Repair works in the Stableyards
Work has been underway to repair the two dovecotes above the Stableyards. The guiding conservation principle at Calke is to preserve what we find in order to tell the story of the decline of the English country, and so the dovecotes have been repaired rather than restored.
Scaffolding has been up around the stableyards for several weeks to allow work to be carried out on the historic dovecotes, which had deteriorated significantly over the years. A team of National Trust skilled craftsmen have removed the roof in order to dismantle the existing dovecotes, before erecting the new structures, re-fixing the lead roofs and touching up decorations. As part of the work the wooden frames have been replaced with almost identifcal new ones, though a little hardier for Calke's winter weather to hopefully have more longevity.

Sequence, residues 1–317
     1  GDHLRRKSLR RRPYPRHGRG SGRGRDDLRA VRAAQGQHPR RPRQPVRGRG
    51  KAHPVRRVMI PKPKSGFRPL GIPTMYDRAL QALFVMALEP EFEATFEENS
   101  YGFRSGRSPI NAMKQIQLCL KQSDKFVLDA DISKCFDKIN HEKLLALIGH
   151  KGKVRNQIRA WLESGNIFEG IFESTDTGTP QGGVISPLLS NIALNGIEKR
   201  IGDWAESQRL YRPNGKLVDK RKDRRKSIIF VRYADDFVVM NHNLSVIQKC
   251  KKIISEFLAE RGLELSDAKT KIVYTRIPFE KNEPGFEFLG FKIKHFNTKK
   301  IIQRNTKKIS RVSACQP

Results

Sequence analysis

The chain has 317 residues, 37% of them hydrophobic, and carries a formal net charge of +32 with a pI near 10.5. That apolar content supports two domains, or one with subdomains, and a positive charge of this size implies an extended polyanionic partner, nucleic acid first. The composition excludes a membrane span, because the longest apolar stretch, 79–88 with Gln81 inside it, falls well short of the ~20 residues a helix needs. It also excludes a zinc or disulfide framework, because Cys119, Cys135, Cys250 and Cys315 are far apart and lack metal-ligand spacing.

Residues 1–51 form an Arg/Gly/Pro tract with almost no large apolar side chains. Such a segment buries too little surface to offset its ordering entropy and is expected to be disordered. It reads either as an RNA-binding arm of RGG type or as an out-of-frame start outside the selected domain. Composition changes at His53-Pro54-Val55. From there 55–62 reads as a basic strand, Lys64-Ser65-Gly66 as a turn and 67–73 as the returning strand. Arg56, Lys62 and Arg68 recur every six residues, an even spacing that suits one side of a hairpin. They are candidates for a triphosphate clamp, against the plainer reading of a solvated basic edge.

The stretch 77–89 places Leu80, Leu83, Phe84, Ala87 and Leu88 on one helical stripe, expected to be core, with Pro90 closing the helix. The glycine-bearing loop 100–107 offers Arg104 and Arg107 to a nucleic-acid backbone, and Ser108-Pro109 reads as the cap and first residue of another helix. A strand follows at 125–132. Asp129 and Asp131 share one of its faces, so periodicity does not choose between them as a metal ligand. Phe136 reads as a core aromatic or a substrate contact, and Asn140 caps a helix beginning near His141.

Food and feathers for Calke
Dovecotes can be discovered at many special places cared for by the National Trust, including here at Calke Abbey. Only noble families would be allowed to keep doves, and so most dovecotes can be found at castles and country houses. Workers would harvest young birds for food, feathers and manure to use on the estate. As at Calke dovecotes were often used to house pigeons, which provided eggs and meat for the estate. Young pigeons, called squabs, were prized for their tender meat, while older pigeons were tough and needed longer cooking times. These may have been given to workers on the estate.
All shapes and sizes
Owning doves was a status symbol, and nobles always liked to show off their riches. As well as providing food for the table, the buildings were made to be seen. Most dovecotes are round with a pointed roof, but some are rectangular, square, or even hexagonal. At country houses like Calke, they were built into the roofs of stables and barns.
Our work at Calke
The dovecotes can be seen in all of their glory later this month. We couldn't carry out this conservation work without your support. Thank you.